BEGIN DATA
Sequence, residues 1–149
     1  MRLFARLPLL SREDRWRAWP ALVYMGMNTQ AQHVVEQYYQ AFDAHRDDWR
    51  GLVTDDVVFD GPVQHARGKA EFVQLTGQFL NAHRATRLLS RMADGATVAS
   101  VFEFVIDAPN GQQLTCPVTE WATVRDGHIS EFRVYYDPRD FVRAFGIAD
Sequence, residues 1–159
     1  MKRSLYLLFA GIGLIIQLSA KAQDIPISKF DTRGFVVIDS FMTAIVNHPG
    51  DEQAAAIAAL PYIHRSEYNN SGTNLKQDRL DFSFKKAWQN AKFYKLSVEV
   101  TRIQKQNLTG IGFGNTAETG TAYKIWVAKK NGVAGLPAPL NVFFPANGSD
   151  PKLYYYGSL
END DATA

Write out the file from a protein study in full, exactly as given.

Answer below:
Sequence, residues 1–149
     1  MRLFARLPLL SREDRWRAWP ALVYMGMNTQ AQHVVEQYYQ AFDAHRDDWR
    51  GLVTDDVVFD GPVQHARGKA EFVQLTGQFL NAHRATRLLS RMADGATVAS
   101  VFEFVIDAPN GQQLTCPVTE WATVRDGHIS EFRVYYDPRD FVRAFGIAD
Sequence, residues 1–159
     1  MKRSLYLLFA GIGLIIQLSA KAQDIPISKF DTRGFVVIDS FMTAIVNHPG
    51  DEQAAAIAAL PYIHRSEYNN SGTNLKQDRL DFSFKKAWQN AKFYKLSVEV
   101  TRIQKQNLTG IGFGNTAETG TAYKIWVAKK NGVAGLPAPL NVFFPANGSD
   151  PKLYYYGSL